To face loneliness is hard. It may require something of us—a letting go, a giving up, a moving forward, a looking to the better good, an action, a formula, and a purpose, and more; the list is endless. But we get stuck in the loneliness so often, especially on days fraught with association of memories. Loneliness is feeling like you can’t breathe—a grief of sorts: a gray heart on a sunny day, no lover on Valentine’s Day, an absent child on Mother’s Day, no gift on your birthday, a missing plate on the table, an empty room with its bed made, a pet leash hanging unused on the wall, an empty pillow next to you on the other side of the bed, photos in an album, no hugs, no kisses, no touches, no fingerprints, no paw prints, no car door slamming—or happy sounds of walking feet. You are alone. You have to face it—and you don’t want to.

What are the colors of loneliness? I picture dim to gray to blue to black in muted colors, now brown, greenish-gray, and checkered black and white.

Loneliness has a way of bringing back memories—memories we want to keep of better days, of cherished moments, interactions in word and deed, kindness interplay, intercourse, co-habitating special days, all those things we took for granted that now become bigger than life—more than they were at the time, a grand deception of the mind but a welcome intrusion on life as it is. Such is loneliness.

I think loneliness often involves an awareness that a part of our self is not where it should be and is functioning in a subpar way; a sense of being detached from real living—the “alone,” by-yourself sort of feeling.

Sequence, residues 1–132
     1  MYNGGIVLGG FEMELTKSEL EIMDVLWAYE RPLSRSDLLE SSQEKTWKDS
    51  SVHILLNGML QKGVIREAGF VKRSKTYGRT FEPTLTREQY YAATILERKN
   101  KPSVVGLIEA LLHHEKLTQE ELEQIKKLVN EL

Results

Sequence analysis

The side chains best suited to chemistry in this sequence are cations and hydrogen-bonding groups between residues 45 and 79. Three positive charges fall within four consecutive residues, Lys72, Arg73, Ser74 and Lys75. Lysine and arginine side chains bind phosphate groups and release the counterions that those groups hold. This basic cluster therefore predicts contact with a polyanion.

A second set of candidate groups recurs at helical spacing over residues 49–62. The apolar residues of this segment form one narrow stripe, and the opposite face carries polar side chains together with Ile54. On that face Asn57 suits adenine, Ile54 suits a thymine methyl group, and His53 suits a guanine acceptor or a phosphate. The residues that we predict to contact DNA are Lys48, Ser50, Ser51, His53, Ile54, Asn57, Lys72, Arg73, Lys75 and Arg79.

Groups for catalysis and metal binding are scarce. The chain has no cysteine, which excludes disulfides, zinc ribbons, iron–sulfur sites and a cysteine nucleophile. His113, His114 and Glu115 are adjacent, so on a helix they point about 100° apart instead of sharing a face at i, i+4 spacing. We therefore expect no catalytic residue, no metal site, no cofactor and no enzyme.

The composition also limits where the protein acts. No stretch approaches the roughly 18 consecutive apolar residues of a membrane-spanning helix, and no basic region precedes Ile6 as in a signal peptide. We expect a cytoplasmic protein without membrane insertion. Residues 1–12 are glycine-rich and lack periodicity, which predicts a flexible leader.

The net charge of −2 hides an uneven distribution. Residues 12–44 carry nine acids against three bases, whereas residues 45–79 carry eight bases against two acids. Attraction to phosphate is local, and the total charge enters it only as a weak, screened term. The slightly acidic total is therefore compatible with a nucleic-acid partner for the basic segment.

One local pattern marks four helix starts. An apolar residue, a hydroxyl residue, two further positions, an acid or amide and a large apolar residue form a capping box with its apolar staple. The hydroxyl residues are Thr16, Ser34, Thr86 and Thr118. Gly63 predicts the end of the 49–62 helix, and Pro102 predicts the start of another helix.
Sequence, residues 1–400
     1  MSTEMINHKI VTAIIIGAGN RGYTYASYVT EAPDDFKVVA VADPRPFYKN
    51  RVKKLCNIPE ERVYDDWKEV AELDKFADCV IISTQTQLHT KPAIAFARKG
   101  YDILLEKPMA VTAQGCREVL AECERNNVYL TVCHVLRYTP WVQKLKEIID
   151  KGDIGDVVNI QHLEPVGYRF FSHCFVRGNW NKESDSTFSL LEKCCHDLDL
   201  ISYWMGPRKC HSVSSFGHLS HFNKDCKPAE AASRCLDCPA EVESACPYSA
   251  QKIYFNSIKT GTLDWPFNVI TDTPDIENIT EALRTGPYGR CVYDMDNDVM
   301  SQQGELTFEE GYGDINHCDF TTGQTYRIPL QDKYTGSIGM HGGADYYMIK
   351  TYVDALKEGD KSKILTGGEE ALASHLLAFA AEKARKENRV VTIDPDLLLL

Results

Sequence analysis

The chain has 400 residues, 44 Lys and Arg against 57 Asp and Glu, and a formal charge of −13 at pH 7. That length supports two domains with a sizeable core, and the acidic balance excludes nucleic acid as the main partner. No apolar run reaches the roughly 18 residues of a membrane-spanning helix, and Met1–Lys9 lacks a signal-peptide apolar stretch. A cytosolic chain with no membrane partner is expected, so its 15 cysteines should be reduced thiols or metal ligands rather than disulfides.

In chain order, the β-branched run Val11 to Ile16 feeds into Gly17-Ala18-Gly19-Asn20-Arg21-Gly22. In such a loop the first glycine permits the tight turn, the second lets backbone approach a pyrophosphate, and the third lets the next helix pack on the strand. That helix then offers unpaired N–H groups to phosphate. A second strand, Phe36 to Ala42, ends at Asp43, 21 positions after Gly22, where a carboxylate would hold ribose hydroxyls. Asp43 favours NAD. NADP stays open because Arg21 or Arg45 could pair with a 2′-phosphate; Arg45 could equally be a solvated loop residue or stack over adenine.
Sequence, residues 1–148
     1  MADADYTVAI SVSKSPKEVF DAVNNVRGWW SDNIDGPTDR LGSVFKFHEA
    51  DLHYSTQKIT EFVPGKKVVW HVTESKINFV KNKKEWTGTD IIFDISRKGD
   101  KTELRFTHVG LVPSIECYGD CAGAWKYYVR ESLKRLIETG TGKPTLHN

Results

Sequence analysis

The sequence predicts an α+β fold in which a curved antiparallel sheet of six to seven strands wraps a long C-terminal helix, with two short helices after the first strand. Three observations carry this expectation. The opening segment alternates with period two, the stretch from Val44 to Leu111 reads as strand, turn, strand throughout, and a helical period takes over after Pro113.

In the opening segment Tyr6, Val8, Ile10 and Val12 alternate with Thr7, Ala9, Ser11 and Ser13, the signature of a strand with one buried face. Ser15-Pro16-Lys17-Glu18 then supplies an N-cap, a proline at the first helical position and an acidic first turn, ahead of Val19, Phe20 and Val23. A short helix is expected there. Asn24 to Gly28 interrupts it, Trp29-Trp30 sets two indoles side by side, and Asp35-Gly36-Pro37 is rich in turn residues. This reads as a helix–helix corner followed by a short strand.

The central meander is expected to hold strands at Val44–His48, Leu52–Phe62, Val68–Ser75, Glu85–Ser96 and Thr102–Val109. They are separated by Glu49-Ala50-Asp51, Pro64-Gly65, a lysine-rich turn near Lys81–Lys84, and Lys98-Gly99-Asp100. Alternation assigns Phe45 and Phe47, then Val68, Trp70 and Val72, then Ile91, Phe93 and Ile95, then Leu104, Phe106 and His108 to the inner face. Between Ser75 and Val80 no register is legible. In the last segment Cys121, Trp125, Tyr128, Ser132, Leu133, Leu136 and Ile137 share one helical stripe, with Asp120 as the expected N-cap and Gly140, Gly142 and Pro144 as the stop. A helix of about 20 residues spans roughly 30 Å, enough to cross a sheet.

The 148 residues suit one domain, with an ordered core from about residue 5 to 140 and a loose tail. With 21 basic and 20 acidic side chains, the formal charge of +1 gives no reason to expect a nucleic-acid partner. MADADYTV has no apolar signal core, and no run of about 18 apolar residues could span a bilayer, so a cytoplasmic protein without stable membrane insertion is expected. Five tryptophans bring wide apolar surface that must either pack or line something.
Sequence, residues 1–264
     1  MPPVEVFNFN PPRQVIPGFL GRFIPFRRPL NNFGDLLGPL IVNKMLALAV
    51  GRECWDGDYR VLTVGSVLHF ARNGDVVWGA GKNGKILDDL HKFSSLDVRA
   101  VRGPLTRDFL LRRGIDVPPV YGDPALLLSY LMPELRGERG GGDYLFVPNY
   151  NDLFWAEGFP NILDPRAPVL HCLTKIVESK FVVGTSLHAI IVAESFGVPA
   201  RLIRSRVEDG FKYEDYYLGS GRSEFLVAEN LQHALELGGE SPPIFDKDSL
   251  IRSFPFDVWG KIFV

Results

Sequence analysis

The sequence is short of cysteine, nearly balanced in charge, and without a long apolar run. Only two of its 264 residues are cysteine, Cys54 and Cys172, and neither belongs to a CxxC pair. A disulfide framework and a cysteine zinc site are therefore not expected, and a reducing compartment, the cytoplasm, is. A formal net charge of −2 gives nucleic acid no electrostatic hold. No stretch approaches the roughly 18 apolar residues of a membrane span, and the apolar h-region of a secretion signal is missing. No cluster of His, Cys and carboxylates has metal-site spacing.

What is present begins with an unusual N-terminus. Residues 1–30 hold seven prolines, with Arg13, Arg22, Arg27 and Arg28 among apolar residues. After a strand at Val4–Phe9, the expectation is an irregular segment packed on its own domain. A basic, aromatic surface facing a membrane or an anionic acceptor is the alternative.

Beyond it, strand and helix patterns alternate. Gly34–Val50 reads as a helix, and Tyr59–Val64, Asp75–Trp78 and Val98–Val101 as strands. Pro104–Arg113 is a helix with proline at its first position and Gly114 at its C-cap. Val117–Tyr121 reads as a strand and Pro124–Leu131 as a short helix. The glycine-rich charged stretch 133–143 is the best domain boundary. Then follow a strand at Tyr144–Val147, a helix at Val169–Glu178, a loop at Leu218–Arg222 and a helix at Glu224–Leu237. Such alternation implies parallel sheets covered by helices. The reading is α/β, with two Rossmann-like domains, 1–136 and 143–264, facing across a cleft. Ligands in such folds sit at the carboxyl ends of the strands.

“Loneliness is Profound” was written on a particularly lonely Valentine’s Day. I had loved and lost, cared and caused pain, tasted of that which is sweet and in the end to taste of its bitter dregs. My joys ultimately became the meat for my sorrows. I finally understood how it feels for people who lose a precious, much-loved partner and find it difficult to recover from their loss and struggle to find the inner desire to live again. This association of pain was different than in divorce; the pain factor not of the same emotion. The grief was like losing part of my own self and not being able to recover it. I felt so alone, and my mind was full of memories from the Valentine’s Day of the year before, when everything had seemed good, fresh, and happy. I decided to write a record of my feelings, knowing that while my thoughts were in process, my words would capture how it seems when loneliness or grief keeps you from being all that you want to be. I found that the light of the soul became dim and muted, it was almost like being in a fog, going through the motions, living but not living. I hoped the insight would be of benefit to read in the future, to help me remember its debilitating effect in productivity and spirituality. I offered a copy to my minister with this in mind, since he counsels many people in varying stages of grief.

N. L. Brumbaugh

No comments:

Post a Comment